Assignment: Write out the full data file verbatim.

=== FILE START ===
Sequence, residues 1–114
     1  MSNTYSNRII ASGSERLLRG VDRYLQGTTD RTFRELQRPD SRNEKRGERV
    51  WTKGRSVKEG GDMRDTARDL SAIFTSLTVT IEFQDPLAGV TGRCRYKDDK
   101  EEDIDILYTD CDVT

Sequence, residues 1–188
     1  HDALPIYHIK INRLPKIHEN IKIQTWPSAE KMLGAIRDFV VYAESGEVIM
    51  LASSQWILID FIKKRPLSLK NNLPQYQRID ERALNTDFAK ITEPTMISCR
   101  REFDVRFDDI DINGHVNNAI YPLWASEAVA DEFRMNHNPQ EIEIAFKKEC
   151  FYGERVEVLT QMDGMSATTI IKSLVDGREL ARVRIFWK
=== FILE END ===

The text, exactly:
Sequence, residues 1–114
     1  MSNTYSNRII ASGSERLLRG VDRYLQGTTD RTFRELQRPD SRNEKRGERV
    51  WTKGRSVKEG GDMRDTARDL SAIFTSLTVT IEFQDPLAGV TGRCRYKDDK
   101  EEDIDILYTD CDVT

Sequence, residues 1–188
     1  HDALPIYHIK INRLPKIHEN IKIQTWPSAE KMLGAIRDFV VYAESGEVIM
    51  LASSQWILID FIKKRPLSLK NNLPQYQRID ERALNTDFAK ITEPTMISCR
   101  REFDVRFDDI DINGHVNNAI YPLWASEAVA DEFRMNHNPQ EIEIAFKKEC
   151  FYGERVEVLT QMDGMSATTI IKSLVDGREL ARVRIFWK